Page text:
Oil and gas services companies must keep finding ways to help customers become more efficient while taking part in the energy transition, Dril-Quip chief executive Blake DeBerry said on Monday.

Speaking at the Offshore Technology Conference in Houston, Texas, DeBerry said the oilfield services sector is undergoing an evolution, a process that will remake the industry but will take decades to complete.

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“Transitions take time. They don’t happen overnight,” he said. “I like to think we’re on an energy evolution path, and it will take time.”

The United Nations-affiliated Intergovernmental Panel on Climate Change last week said in a major report, however, that the world’s greenhouse gas emissions must be slashed quickly and significantly to keep global temperatures from rising more than 1.5 degrees Celsius above pre-industrial levels this century — a target that would still have potentially devastating impacts on the planet and people.

Oilfield services companies have an important role to play in making operators more efficient while also changing their business model, DeBerry said.

Cutting carbon footprints and costs

Service companies have had to transform their offshore cost base since oil prices dropped in 2015, with operators also under pressure to lower their own costs, he said.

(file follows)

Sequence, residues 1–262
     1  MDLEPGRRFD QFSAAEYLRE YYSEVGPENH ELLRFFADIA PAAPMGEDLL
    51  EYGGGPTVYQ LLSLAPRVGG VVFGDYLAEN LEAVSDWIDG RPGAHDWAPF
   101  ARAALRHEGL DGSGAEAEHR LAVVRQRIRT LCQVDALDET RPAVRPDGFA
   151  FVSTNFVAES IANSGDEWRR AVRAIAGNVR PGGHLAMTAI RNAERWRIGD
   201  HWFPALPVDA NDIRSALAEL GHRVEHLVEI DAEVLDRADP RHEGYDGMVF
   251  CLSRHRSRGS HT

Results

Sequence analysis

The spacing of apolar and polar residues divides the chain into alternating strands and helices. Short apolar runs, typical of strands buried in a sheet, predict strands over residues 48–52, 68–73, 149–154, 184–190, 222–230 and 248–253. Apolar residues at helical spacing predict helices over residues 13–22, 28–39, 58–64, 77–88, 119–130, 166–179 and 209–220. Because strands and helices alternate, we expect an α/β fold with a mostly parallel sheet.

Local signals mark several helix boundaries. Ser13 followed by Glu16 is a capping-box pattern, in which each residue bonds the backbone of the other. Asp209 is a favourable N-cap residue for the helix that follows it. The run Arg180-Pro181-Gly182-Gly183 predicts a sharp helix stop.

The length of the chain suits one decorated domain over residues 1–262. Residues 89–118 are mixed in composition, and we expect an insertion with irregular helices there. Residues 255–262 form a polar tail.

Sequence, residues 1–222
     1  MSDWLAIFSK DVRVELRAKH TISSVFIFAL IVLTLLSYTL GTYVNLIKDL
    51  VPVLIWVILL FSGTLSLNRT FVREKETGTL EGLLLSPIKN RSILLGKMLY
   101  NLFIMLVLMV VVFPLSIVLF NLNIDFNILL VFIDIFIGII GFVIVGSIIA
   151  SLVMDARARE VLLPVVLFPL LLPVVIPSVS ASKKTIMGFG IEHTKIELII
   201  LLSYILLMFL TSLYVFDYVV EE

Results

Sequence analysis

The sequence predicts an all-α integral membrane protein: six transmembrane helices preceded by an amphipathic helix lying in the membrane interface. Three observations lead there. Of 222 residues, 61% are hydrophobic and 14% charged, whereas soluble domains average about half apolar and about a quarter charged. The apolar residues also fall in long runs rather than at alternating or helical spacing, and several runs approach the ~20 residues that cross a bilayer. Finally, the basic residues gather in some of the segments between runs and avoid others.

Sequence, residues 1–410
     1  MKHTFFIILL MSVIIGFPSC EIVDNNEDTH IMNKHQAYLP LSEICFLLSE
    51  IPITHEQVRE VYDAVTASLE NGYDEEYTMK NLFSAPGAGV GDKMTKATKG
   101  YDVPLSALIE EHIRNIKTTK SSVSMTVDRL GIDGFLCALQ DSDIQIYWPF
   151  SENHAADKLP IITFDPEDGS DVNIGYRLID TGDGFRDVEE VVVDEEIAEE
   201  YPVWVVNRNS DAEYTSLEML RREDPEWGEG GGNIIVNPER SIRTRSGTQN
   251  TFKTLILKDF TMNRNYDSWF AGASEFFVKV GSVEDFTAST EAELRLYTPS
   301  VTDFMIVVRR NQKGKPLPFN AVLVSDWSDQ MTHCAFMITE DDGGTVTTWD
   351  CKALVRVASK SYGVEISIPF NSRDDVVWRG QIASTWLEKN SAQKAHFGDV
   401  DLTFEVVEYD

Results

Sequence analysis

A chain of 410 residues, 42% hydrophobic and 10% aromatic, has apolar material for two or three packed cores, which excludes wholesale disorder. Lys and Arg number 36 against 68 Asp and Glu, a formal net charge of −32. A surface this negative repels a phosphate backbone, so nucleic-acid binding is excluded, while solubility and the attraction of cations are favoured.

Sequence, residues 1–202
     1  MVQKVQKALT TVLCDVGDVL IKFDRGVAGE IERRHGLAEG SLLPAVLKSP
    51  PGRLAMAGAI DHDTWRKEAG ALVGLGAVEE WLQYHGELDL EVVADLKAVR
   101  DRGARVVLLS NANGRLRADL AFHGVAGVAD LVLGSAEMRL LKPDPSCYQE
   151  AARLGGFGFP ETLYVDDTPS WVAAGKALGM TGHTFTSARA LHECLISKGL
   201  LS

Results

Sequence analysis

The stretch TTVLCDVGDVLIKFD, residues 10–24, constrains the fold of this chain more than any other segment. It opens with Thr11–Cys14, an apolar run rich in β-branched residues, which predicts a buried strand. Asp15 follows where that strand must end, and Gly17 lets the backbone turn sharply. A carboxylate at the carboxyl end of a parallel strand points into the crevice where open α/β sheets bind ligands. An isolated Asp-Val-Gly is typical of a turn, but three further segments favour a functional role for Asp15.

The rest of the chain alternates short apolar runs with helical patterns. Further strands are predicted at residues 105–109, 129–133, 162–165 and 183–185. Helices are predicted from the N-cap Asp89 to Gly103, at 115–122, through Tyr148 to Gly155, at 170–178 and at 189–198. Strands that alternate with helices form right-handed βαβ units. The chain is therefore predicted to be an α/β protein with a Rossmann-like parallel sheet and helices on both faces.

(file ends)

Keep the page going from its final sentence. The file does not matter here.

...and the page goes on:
“With the increasing social pressures, with climate change and ESG [environmental, social and governance], all of a sudden our carbon footprint has become a key part of our business.”

DeBerry said Dril-Quip and other services companies must cut their carbon footprints while helping their clients do the same — and cut costs in the process.

“We have our core oil and gas business. We do it well, but we have to decarbonise,” he said.

Decarbonisation could help push the sector into a new era, as DeBerry said oilfield services companies should look to maximise their existing technologies in an effort to reduce emissions.

“What’s close to what we do? For Dril-Quip, it’s going out to [carbon capture, utilisation and storage] or geothermal,” he said.

In the meantime, regular business will continue, he suggested.

DeBerry said 37 million barrels per day will have come off the market by 2035, 40% of which will come from offshore. Those barrels will have to be replaced. Even if wealthier countries continue to move away from hydrocarbons, other parts of the world will still need them, he said.

The Dril-Quip chief executive noted that nearly 1 billion people worldwide have no access to electricity and suggested he believes oil will have a lasting role to play in the energy mix, even as the energy sector reduces its carbon emissions.